Radiation protection a “key theme” at ECR

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The European Congress of Radiology (ECR), the annual meeting of the European Society of Radiology (ESR) was held 6–10 March, Vienna, Austria. 

Radiation protection was a key theme of the congress as the ESR launched the EuroSafe Imaging campaign, an initiative promoting appropriateness in medical imaging, maintaining doses within diagnostic reference levels and emphasising the as low as reasonably achievable (ALARA) principle.

“This congress for me is very specific because it’s the first time that the ECR is connected to a political action (…) This campaign is a good summary of all our policy related to radiation protection,” said ESR past-president professor Guy Frija, Paris, France.

A dedicated website, www.eurosafeimaging.org, was recently launched. Many activities will follow in 2014, including the development of training material and lists of criteria for safe radiological examinations, and the organisation of dedicated radiation protection sessions during subspecialty and national societies’ events. Individuals and organisations are actively encouraged to become ‘Friends of EuroSafe Imaging’ by signing up with the campaign online.

With over 1,800 lectures on every aspect of medical imaging, the scientific programme delved into the latest works of international experts and tackled the current hot issues in radiology. A total of 329 presentations focused on oncologic imaging, 228 on abdominal and gastrointestinal imaging, and many more on many other subspecialties in radiology, as well as physics, nuclear medicine and dedicated lectures for radiographers.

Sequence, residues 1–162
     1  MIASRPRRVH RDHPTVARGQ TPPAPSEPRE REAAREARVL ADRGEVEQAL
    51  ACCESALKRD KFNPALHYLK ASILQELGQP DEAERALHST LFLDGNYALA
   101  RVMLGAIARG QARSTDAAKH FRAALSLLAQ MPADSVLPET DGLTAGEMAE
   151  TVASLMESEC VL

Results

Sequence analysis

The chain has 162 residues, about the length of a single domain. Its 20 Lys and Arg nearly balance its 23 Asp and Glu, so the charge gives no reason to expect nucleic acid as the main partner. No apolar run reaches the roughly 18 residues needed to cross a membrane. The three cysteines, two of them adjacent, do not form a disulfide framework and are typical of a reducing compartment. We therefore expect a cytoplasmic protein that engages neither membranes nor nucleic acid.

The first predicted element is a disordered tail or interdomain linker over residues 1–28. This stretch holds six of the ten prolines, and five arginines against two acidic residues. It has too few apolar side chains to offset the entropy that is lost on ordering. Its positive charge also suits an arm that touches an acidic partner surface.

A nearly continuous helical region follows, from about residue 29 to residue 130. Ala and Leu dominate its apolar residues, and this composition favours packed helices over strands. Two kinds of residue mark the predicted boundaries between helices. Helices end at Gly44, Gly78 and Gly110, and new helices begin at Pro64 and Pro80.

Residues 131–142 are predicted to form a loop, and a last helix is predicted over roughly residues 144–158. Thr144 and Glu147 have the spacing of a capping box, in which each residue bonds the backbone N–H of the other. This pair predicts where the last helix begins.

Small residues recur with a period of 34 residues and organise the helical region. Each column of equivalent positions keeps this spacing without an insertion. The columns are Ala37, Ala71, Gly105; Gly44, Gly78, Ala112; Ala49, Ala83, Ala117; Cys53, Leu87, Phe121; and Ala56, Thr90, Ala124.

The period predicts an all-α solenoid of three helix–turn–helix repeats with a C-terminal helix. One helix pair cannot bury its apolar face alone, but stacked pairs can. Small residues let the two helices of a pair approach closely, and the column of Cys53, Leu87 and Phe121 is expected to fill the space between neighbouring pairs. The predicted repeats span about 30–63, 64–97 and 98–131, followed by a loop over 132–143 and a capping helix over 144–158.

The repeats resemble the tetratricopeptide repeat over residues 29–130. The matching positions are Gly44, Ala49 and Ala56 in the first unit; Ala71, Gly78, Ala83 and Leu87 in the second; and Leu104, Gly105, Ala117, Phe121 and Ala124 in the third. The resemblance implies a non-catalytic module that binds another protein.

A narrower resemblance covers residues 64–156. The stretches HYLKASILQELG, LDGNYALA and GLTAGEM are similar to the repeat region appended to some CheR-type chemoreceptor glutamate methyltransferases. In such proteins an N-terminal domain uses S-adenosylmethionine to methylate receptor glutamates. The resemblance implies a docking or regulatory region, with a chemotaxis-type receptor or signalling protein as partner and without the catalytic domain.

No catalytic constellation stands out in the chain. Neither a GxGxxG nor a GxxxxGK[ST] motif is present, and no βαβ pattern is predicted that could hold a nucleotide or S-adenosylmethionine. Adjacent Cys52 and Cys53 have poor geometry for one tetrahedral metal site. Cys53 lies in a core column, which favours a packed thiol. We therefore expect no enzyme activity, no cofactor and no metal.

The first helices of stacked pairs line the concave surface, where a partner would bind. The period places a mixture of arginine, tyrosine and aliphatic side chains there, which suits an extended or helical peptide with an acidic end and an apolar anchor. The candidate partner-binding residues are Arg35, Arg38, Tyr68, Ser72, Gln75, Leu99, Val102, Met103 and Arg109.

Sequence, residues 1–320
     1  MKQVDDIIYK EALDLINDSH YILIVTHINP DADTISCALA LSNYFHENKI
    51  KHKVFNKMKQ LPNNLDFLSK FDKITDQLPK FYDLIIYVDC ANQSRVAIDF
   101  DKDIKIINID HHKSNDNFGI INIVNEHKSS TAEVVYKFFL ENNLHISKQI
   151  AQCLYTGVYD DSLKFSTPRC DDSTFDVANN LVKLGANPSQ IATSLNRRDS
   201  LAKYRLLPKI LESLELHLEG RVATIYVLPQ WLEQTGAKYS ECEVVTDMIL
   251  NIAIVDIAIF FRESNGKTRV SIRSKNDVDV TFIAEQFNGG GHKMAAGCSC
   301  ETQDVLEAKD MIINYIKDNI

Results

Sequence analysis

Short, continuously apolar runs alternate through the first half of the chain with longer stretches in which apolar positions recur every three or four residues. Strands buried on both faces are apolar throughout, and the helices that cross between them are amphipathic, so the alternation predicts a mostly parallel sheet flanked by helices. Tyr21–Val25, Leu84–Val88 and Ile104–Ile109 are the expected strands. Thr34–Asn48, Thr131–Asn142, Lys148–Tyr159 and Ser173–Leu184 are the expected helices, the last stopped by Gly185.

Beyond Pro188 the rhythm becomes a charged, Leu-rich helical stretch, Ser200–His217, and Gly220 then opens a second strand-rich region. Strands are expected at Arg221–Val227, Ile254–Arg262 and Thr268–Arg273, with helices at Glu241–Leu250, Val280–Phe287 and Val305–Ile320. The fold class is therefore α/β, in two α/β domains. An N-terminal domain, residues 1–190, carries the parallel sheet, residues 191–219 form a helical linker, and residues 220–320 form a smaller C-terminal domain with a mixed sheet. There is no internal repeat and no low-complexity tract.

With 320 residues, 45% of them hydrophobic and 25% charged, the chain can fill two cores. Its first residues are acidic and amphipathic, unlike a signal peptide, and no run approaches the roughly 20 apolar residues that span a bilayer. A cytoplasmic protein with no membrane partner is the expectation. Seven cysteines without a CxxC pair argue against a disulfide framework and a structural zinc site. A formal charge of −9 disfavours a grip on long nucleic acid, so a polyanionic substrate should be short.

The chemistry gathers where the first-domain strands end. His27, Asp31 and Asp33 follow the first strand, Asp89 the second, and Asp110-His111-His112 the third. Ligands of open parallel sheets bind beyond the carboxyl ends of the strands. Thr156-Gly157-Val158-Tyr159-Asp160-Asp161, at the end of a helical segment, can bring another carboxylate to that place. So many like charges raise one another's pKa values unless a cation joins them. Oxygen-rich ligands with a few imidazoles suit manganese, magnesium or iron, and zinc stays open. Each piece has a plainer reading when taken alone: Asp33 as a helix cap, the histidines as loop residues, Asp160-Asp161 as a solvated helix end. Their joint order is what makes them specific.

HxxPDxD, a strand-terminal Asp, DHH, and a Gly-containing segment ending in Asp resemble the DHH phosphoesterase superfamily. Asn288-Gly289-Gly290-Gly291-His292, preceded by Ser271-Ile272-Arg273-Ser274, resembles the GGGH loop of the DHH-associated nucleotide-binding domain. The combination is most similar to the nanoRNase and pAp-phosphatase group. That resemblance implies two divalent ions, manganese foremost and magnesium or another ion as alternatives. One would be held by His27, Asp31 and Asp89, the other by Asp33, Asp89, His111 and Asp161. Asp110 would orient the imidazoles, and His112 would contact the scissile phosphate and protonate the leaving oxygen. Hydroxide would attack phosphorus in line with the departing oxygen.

The multimedia classroom, in which radiologists could directly train their peers on several workstations in CT coronary angiography, CT colonography, and CT imaging in oncology and emergency, was also launched at the congress.

The interactive sessions all proved very popular, and the session ‘Pitfalls in abdominal imaging’ attracted almost 2,000 delegates, while 1,500 participants attended the Image Interpretation Quiz (IIQ).

Social media

ECR Live, a service that allows people to watch lectures online from all over the world, broadcast more than 1,500 lectures in real time and attracted more than 5,500 viewers. Over 4,000 messages, which were posted on Facebook and Twitter and the built-in chat function, were displayed on the Social Media Wall over just five days, confirming the ECR’s leading position in the use of social media at medical congresses.

“ECR Live is now in perfect shape. We are covering most of the sessions and, what is most important is that it will now be possible for any member of the society to go through a session from home during and after the congress. It is a tremendous treasure of knowledge for future radiologists, so I think that the ECR is again setting another standard for the organisation of medical congresses,” said ECR 2014 president, professor Valentin Sinitsyn.

 

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